Restoring native habitat is considered critical to conserving native pollinators threatened by habitat loss and degradation, but little is known about whether ecological restorations, most of which do not target pollinators, can predictably support pollinator communities. In this study we compare plant species richness in common commercial prairie seed mixes to remnant prairies, and we take a modeling approach to examine the ability of these seed mixes to attract bee communities relative to native prairie remnants. Using a large data set from native prairies in Iowa consisting of 70 bee species (≈2700 bee specimens) associated with 54 native prairie plants, we constructed species accumulation curves to model the number of bee species potentially attracted to a restoration with the addition of each plant in a seed mix. Our modeling results indicate commercial prairie mixes will accumulate species at rates similar to prairie remnants, but the bee species richness will be lower than remnants because the plant species richness in samples from prairie remnants is twice that of the average commercial seed mix. However, when commercially available seed mixes were modeled to always include four plant species that were exceptionally attractive to native bee species, most mixes attracted significantly more bees than predicted if random species were added. This further suggests that seed mixes and the resulting restorations do not adequately provide for pollinators and could be significantly improved with the addition of a small number of species. Although the particular optimal species additions to seed mixes will vary regionally, adding species functionally equivalent to those we identify may significantly improve restoration of ecological services provided by native bees.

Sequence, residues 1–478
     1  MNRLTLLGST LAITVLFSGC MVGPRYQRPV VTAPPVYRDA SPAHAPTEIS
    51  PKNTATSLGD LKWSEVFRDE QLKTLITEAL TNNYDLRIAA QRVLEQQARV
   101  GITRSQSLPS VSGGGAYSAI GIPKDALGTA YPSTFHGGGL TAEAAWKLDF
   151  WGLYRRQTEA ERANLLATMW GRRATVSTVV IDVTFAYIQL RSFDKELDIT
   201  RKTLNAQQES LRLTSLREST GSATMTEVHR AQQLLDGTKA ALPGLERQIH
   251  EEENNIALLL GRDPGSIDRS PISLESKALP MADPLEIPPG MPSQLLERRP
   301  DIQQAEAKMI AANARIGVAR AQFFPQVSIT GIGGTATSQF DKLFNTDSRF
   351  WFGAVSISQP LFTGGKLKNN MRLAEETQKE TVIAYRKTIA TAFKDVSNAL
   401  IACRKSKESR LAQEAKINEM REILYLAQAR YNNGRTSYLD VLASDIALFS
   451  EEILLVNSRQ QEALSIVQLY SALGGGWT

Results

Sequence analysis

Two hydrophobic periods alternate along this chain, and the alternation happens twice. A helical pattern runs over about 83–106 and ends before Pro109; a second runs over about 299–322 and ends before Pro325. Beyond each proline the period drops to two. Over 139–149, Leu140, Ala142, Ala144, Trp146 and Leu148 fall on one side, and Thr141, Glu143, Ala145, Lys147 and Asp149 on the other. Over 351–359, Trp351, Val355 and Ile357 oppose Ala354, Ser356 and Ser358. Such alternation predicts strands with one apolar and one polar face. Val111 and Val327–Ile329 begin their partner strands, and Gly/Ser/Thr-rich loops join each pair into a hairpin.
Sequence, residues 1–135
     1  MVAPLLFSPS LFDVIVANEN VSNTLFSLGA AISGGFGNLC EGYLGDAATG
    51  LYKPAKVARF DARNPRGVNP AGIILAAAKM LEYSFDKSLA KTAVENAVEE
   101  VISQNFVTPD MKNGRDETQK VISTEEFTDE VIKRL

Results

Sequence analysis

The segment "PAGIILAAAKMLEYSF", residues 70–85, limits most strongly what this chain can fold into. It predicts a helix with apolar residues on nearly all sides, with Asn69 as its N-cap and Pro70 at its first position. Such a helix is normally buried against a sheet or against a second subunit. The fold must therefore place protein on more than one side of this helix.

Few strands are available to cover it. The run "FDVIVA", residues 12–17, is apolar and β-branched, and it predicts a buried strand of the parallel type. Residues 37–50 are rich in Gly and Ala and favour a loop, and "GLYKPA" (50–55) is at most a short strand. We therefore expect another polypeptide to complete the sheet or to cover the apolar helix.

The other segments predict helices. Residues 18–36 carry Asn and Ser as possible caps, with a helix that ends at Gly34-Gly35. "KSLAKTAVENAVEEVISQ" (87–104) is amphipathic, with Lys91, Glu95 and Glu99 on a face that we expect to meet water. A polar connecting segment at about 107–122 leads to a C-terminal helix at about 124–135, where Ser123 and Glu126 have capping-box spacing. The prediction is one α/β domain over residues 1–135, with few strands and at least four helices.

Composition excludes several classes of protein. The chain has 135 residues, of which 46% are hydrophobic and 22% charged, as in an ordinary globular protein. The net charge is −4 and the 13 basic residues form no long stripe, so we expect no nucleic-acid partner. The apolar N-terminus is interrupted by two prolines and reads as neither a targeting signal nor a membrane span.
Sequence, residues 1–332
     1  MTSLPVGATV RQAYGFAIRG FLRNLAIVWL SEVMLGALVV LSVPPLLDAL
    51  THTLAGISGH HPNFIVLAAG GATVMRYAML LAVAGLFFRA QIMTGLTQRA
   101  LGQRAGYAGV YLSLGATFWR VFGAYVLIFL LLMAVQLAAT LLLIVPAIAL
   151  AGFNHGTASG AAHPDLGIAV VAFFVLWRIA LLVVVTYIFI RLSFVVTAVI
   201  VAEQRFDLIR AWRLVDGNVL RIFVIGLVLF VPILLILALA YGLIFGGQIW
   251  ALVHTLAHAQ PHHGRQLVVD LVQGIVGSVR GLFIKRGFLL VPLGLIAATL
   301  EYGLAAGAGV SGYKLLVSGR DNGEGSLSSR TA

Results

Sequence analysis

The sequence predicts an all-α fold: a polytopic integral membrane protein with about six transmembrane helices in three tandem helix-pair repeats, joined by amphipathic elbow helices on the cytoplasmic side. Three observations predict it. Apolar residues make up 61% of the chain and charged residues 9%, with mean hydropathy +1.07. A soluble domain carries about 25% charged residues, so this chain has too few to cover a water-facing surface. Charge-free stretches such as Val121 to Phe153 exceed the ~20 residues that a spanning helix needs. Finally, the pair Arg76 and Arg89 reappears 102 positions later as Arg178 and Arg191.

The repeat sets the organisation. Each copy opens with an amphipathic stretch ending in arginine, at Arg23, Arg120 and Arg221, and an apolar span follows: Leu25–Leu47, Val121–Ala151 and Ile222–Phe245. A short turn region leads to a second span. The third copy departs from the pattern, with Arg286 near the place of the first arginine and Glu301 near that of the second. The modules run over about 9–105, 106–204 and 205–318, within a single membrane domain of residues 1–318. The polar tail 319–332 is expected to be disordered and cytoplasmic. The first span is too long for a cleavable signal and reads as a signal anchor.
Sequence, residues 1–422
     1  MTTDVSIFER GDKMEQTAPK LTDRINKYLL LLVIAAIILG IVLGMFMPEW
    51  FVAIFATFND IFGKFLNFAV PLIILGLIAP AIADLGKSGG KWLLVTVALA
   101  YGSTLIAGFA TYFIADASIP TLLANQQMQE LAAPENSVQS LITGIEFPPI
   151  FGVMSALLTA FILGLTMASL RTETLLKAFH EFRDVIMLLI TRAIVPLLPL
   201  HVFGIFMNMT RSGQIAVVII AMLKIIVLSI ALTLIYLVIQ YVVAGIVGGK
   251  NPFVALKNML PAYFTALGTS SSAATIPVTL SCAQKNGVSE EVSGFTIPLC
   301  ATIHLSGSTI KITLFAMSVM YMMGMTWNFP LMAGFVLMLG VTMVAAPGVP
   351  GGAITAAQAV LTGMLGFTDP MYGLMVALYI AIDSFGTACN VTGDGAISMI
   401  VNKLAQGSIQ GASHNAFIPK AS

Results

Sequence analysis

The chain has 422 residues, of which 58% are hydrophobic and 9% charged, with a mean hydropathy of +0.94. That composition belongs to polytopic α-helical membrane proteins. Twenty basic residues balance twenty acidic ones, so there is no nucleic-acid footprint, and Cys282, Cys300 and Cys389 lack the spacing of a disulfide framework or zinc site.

- Bee conservation
- Bee richness
- Native plants
ASJC Scopus subject areas
- Ecology, Evolution, Behavior and Systematics